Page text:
Two granite slabs that have served as the floor of the portico of Washington County Courthouse took turns dangling in the air Tuesday after being hoisted by a crane so the entrance could be repaired.
Heavy equipment arrived at about 6:30 a.m. and, with the help of city police, South Main Street at Beau Street remained closed for about an hour so the crane could be maneuvered into position, said Justin Welsh, Washington County director of buildings and grounds.
Each slab weighs about 5,000 pounds.
Last year, county commissioners awarded a $109,925 contract for courthouse granite slab removal and resetting to Cleveland (Ohio) Marble Mosaic Co.
Because the uneven slabs were considered a tripping hazard, they were first marked with cones.
But rather than cause someone to fall during the annual evening Christmas parade in early December, the portico was fenced off and no decorated fir tree graced the main entrance to the courthouse this past season.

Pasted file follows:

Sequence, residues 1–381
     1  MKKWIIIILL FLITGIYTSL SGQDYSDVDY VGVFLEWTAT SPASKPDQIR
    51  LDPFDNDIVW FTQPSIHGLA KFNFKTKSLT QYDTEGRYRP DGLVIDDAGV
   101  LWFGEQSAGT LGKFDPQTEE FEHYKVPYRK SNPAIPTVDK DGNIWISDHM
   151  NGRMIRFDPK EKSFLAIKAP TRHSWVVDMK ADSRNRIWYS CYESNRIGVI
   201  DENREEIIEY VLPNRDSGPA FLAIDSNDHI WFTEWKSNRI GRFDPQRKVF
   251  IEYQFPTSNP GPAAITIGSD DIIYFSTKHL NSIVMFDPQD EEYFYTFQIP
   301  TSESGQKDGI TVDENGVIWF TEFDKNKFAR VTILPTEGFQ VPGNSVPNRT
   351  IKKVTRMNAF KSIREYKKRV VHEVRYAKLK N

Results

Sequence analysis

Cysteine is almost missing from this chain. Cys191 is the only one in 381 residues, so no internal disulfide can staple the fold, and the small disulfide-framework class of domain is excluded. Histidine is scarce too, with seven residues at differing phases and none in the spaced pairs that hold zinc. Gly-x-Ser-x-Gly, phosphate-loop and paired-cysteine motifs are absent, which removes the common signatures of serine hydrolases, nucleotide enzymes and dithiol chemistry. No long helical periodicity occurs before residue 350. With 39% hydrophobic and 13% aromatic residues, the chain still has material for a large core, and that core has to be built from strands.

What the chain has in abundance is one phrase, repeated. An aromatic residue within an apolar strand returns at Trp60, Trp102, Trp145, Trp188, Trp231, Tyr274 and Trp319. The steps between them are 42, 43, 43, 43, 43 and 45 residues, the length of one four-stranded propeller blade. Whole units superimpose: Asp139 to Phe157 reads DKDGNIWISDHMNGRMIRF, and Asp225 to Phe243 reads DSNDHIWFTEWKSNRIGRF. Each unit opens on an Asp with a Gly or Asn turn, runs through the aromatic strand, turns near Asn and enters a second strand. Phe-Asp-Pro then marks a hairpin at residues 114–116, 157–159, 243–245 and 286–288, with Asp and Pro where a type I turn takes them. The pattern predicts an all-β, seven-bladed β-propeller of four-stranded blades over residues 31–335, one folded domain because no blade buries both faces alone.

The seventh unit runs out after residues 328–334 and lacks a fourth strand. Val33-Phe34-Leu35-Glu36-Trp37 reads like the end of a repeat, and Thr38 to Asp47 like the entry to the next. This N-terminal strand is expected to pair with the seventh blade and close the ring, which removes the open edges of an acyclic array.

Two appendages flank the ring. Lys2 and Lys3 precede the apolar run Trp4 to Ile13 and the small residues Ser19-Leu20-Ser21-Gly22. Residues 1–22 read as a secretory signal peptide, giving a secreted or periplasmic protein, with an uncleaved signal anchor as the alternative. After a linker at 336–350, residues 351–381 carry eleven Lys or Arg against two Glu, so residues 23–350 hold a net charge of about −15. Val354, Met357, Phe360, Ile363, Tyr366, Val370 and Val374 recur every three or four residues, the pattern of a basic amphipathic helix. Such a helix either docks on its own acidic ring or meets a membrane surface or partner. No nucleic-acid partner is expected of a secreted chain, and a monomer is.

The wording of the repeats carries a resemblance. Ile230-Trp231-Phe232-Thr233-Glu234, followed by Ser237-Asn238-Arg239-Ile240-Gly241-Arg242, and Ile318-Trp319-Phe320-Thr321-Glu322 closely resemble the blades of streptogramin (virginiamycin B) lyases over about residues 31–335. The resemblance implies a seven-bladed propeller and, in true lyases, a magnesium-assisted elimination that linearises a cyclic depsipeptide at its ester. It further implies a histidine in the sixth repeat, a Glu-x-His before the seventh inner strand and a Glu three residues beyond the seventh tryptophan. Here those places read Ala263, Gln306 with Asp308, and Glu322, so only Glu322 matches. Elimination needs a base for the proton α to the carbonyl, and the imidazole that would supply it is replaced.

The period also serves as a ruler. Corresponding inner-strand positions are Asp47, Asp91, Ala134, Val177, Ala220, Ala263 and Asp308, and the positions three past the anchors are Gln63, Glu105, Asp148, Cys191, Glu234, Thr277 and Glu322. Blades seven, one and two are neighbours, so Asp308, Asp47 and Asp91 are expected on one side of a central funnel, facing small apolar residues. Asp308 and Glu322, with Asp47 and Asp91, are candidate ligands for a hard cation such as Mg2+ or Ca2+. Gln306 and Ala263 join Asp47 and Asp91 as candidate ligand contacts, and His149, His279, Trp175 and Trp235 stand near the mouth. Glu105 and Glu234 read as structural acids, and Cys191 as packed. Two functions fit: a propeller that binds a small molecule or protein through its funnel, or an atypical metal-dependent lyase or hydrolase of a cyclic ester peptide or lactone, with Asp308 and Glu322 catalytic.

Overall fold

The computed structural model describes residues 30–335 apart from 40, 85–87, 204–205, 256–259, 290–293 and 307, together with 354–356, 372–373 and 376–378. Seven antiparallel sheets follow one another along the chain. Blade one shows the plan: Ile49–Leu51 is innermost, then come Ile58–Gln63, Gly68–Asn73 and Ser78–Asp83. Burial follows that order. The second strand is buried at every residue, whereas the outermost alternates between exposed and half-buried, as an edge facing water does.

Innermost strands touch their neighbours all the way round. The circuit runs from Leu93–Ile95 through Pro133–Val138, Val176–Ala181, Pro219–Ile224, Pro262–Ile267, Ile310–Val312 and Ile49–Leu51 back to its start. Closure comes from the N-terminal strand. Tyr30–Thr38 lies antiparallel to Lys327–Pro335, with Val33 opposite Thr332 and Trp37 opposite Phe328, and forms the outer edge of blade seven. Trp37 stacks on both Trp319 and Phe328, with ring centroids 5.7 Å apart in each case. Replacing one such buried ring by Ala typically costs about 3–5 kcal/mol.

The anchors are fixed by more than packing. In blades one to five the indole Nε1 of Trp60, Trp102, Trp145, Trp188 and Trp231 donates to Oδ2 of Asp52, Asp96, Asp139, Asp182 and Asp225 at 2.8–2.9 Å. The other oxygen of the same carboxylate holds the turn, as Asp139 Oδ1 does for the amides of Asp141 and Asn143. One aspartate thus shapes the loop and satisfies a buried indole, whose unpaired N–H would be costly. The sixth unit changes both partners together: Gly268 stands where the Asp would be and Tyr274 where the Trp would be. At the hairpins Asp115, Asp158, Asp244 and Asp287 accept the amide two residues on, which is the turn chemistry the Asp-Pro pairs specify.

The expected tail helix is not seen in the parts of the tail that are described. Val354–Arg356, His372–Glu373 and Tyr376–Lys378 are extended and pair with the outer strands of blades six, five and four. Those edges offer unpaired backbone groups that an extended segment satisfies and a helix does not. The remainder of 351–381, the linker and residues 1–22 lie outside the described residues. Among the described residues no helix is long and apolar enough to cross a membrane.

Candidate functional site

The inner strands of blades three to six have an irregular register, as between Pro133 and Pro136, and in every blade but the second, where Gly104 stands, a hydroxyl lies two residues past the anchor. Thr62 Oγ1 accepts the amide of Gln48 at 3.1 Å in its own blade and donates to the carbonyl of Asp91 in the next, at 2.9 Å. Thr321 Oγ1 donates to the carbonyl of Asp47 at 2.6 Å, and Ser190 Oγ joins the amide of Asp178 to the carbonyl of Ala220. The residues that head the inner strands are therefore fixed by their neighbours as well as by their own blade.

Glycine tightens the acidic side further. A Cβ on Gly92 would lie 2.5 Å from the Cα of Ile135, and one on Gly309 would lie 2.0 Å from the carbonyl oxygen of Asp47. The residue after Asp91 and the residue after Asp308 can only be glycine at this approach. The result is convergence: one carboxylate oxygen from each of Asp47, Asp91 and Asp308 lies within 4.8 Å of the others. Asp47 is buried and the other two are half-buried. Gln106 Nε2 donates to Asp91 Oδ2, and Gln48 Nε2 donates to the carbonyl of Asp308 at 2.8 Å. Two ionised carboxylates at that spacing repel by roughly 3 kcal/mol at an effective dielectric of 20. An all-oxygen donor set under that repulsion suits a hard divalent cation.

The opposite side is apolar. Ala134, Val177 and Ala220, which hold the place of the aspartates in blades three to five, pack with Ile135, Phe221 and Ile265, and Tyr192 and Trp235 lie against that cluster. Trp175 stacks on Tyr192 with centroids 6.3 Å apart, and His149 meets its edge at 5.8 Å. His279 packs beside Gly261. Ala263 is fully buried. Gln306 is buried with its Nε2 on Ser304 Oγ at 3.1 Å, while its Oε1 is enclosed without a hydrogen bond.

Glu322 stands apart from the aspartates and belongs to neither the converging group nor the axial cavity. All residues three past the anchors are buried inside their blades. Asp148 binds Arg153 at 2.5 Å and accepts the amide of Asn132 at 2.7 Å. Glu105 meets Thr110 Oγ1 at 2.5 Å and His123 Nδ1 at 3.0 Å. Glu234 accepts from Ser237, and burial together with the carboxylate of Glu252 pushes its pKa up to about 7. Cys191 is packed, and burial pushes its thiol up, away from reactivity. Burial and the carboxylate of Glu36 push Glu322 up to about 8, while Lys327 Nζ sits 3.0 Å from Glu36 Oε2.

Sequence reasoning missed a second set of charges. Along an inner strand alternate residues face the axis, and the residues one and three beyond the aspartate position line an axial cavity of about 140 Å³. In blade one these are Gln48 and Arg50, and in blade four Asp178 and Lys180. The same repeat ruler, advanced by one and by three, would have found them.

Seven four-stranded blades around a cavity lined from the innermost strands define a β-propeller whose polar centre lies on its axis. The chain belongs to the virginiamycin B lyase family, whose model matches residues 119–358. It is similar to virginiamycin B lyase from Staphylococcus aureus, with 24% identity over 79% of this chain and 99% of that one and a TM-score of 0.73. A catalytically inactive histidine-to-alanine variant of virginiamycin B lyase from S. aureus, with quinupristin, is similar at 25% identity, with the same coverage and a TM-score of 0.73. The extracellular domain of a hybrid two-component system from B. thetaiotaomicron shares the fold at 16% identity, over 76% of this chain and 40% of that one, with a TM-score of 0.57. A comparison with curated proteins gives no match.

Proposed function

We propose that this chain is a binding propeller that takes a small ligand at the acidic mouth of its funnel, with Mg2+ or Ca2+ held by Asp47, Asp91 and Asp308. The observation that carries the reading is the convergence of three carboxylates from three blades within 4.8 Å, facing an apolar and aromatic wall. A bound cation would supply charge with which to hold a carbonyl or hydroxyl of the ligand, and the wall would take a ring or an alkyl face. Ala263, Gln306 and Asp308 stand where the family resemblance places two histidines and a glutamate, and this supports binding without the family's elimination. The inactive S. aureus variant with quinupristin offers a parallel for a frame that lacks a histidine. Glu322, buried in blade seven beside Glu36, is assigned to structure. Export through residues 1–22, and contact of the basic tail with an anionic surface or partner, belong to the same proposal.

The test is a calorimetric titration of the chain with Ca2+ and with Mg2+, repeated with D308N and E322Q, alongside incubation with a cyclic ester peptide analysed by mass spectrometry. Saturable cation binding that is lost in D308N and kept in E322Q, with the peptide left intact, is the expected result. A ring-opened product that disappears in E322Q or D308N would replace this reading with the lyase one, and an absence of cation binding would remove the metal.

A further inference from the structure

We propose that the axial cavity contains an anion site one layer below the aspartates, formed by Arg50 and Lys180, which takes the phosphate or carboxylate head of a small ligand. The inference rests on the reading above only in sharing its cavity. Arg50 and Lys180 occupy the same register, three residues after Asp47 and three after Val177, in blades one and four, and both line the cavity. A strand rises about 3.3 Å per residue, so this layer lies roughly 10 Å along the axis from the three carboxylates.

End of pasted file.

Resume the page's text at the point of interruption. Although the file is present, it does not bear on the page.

Cleveland Marble was doing work out-of-state and the Washington County Courthouse project was pushed to January.
The entrance remained closed Jan. 3 during well-attended swearing-in ceremonies for county and judicial officials. Signs directed those entering the courthouse to West Cherry Avenue.
“Our intentions were not to put the fence up and walk away from it,” Welsh said.
“We wanted it to look good for Christmas, but do you want a liability on your hands?” he said, alluding to the potential that someone could have been hurt if the stately courthouse portico had remained open to the public.
“It was a safety concern.”
The remaining two slabs were initially scheduled to be hoisted Wednesday, but due to crew member illness, the work was rescheduled to Thursday.
GAI Consultants Inc., the county’s engineering firm, will be assessing the structural integrity of the portico base.
“They will be looking at beams, and what’s under the portico,” Welsh said. “The steps are OK. We won’t know how long the project will take until the county receives GAI’s assessment.”
The contract with Cleveland Marble Mosaic is being paid for from money allocated to the county from what is known as natural gas Impact Fee under the provisions of Act 13.